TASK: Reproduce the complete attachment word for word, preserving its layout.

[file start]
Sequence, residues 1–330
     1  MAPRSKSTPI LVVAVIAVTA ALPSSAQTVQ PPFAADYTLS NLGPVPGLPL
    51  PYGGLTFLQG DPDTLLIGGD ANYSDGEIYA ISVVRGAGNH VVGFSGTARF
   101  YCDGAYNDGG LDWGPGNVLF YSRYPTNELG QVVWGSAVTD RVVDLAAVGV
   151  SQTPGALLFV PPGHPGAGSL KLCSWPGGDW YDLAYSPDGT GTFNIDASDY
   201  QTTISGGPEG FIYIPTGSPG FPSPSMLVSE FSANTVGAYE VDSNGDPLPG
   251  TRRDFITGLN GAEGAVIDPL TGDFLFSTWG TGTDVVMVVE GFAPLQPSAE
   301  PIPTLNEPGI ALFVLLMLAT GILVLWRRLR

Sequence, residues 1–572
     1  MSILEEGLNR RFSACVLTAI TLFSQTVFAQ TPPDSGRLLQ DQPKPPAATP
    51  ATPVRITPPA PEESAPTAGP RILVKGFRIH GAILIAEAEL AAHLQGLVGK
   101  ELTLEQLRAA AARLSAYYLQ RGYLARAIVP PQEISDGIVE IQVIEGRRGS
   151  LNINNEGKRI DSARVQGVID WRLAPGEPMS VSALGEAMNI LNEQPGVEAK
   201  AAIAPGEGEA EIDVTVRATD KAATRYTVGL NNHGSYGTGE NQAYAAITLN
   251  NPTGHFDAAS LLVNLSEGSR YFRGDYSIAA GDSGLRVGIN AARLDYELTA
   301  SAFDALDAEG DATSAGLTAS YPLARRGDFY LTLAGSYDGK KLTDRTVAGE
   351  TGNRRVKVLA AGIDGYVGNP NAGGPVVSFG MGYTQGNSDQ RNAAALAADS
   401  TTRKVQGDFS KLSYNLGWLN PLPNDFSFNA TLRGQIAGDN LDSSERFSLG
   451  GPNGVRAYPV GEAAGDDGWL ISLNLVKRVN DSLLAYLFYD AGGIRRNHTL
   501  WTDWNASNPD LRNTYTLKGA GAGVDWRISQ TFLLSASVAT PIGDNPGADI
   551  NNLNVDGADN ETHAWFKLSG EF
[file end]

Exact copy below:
Sequence, residues 1–330
     1  MAPRSKSTPI LVVAVIAVTA ALPSSAQTVQ PPFAADYTLS NLGPVPGLPL
    51  PYGGLTFLQG DPDTLLIGGD ANYSDGEIYA ISVVRGAGNH VVGFSGTARF
   101  YCDGAYNDGG LDWGPGNVLF YSRYPTNELG QVVWGSAVTD RVVDLAAVGV
   151  SQTPGALLFV PPGHPGAGSL KLCSWPGGDW YDLAYSPDGT GTFNIDASDY
   201  QTTISGGPEG FIYIPTGSPG FPSPSMLVSE FSANTVGAYE VDSNGDPLPG
   251  TRRDFITGLN GAEGAVIDPL TGDFLFSTWG TGTDVVMVVE GFAPLQPSAE
   301  PIPTLNEPGI ALFVLLMLAT GILVLWRRLR

Sequence, residues 1–572
     1  MSILEEGLNR RFSACVLTAI TLFSQTVFAQ TPPDSGRLLQ DQPKPPAATP
    51  ATPVRITPPA PEESAPTAGP RILVKGFRIH GAILIAEAEL AAHLQGLVGK
   101  ELTLEQLRAA AARLSAYYLQ RGYLARAIVP PQEISDGIVE IQVIEGRRGS
   151  LNINNEGKRI DSARVQGVID WRLAPGEPMS VSALGEAMNI LNEQPGVEAK
   201  AAIAPGEGEA EIDVTVRATD KAATRYTVGL NNHGSYGTGE NQAYAAITLN
   251  NPTGHFDAAS LLVNLSEGSR YFRGDYSIAA GDSGLRVGIN AARLDYELTA
   301  SAFDALDAEG DATSAGLTAS YPLARRGDFY LTLAGSYDGK KLTDRTVAGE
   351  TGNRRVKVLA AGIDGYVGNP NAGGPVVSFG MGYTQGNSDQ RNAAALAADS
   401  TTRKVQGDFS KLSYNLGWLN PLPNDFSFNA TLRGQIAGDN LDSSERFSLG
   451  GPNGVRAYPV GEAAGDDGWL ISLNLVKRVN DSLLAYLFYD AGGIRRNHTL
   501  WTDWNASNPD LRNTYTLKGA GAGVDWRISQ TFLLSASVAT PIGDNPGADI
   551  NNLNVDGADN ETHAWFKLSG EF